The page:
Jean Smart's 'Watchmen' Character Has Changed A Lot Since Her Silk Spectre II Days
Spoilers for Watchmen ahead! Even though she probably won't be donning her costume any time soon, Jean Smart is playing Silk Spectre II on Watchmen, the superhero from the comics that Malin Akerman played in Zack Snyder's 2009 film. To date, this is the most direct connection that the HBO series has to the original story. She goes by Agent Laurie Blake now, but her vigilante past is out there for all to see.
In Alan Moore and Dave Gibbons' Watchmen graphic novel, Laurie Juspeczyk/Jupiter is the costumed hero "Silk Spectre II" on the Watchmen team of supers. Her mother Sally Juspeczyk/Jupiter held the original Silk Spectre title in the universe's first superhero team: the Minutemen, and per her mother's wishes, Laurie went into the family hero business. The Watchmen comic begins with the death of a vigilante called The Comedian, aka Eddie Blake, who is ultimately revealed to be Laurie's father.
While there's more to Laurie's story than romance, she is involved in somewhat of a love triangle in Watchmen that may come up on the HBO series. Laurie started dating Dan Dreiberg/Nite Owl in 1985 after her previous love interest, Dr. Manhattan, left for Mars. If there are any X-Men fans out there, it's not unlike the love triangle that exists between Jean Grey, Scott Summers, and Wolverine. One man is immortal and aloof, and the other, well, wears goggles.
Smart does not appear in the first two episodes, but HBO's supplemental material site for Watchmen "Peteypedia" has already revealed a little more about what Laurie has been up to:
- As far as Agent Dale Petey knows, she has not officially commented on how American Hero Story: Minutemen depicts her parents.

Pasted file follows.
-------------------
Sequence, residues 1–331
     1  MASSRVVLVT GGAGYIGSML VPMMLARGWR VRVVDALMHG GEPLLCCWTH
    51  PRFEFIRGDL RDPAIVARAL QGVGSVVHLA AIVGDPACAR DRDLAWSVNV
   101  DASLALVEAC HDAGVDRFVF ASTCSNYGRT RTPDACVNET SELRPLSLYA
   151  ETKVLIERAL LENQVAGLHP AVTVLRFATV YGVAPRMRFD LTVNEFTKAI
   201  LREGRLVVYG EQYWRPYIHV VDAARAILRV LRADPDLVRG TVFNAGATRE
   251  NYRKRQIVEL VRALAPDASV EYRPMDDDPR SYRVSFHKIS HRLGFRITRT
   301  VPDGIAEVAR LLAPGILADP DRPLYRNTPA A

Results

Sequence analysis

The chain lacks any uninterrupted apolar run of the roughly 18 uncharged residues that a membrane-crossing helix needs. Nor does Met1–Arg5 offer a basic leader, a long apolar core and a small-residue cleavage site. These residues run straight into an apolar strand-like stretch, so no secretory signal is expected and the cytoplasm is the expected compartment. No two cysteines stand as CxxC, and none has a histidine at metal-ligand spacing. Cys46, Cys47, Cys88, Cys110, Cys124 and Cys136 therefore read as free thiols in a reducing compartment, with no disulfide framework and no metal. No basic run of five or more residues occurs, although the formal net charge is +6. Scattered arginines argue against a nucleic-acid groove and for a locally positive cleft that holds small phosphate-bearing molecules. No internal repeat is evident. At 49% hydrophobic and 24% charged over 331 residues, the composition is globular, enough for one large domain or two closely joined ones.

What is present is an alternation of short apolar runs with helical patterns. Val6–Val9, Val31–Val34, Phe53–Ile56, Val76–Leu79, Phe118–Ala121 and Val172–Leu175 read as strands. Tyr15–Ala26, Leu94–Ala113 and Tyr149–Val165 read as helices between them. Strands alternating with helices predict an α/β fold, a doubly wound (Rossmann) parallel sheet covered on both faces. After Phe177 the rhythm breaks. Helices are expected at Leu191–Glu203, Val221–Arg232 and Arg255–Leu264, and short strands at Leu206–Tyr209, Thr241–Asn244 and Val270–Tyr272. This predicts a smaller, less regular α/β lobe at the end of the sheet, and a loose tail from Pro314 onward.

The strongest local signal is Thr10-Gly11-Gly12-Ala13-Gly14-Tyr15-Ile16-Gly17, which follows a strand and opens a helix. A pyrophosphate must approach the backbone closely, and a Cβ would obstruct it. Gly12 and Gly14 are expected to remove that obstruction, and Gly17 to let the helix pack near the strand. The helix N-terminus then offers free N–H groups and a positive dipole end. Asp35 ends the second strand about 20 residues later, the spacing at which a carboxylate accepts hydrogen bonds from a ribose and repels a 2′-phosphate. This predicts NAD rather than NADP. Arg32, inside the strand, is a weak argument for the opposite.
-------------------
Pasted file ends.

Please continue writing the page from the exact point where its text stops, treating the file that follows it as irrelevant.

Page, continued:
- She started going by "The Comedienne" after her father.
- She doesn't read her FBI memos.
- She's not a fan of the Werthem Spectrum Tool, which appears to be some way to classify and diagnose costumed adventurers.
- She was arrested with Dan Dreiberg, aka Nite Owl, in 1995 for violating the Keene Act.
Re-naming herself, first with the surname Blake and then as The Comedienne, is especially curious given what happens in the comics. At a young age, Laurie learns that her mother was sexually assaulted by Eddie. When Laurie first meets Blake as a teenager, Sally doesn't want him anywhere near her daughter. Sally doesn't tell Laurie who he is, just what he did to her. (Before she learned the truth about Blake, Laurie actually grew up suspecting that her father was a different member of the Minutemen, Hooded Justice — who may or may not be that man in the wheelchair on the HBO series.)
When Laurie confronts Sally about Blake being her father at the end of the graphic novel, the conversation takes an unexpected turn. "I'm so sorry," Sally begins by saying, "what must you think? It was just an afternoon, in summer. He stopped by. I tried to be angry but... I mean, I never wanted you to know. I should have told you but... I don't know, I just felt ashamed, I felt stupid, and..."
Laurie then cuts her off, saying that "people's lives take them strange places. They do strange things, and well sometimes the can't talk about them. I know how that is." Then, when Laurie leaves, Sally kisses Blake's face in a group photo. It has been implied, in the Before Watchmen: Minutemen limited series that Sally and Blake had a consensual affair later in life — but Sally could also have been telling her daughter that she was conceived by rape and just kissing her memory of the Minutemen. Watchmen is murky and morally complicated, it never plainly confirmed the nature of their sexual encounters either way.
It'll be interesting to see how this backstory is addressed in 2019 from a diverse writer's room in the #MeToo era. We've seen how the world created by Moore and Gibbons has progressed on the HBO series, but Laurie Jupiter can ground it in a way that other characters can't.